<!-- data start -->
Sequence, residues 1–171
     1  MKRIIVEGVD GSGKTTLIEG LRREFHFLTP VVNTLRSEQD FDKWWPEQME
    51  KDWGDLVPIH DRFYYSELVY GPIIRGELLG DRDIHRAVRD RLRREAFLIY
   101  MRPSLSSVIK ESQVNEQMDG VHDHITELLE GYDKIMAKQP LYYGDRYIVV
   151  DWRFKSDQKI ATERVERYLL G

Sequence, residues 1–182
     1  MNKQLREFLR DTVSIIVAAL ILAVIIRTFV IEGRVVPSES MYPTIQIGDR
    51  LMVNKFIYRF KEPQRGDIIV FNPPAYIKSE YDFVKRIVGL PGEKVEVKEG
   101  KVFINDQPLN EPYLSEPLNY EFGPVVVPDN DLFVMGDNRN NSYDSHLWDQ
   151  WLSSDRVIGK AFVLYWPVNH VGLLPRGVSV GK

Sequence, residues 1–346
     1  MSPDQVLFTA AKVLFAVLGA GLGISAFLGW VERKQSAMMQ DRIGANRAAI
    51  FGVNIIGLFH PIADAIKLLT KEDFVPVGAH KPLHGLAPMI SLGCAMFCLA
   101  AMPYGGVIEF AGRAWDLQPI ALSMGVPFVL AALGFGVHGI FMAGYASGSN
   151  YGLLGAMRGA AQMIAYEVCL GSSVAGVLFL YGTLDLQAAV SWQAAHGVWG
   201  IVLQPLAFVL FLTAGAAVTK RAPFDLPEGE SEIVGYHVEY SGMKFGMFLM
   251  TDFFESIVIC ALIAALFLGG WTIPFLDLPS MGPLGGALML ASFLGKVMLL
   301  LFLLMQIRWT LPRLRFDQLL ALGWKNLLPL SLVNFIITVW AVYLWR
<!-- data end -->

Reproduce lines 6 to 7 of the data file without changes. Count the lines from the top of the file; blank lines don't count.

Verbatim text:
Sequence, residues 1–182
     1  MNKQLREFLR DTVSIIVAAL ILAVIIRTFV IEGRVVPSES MYPTIQIGDR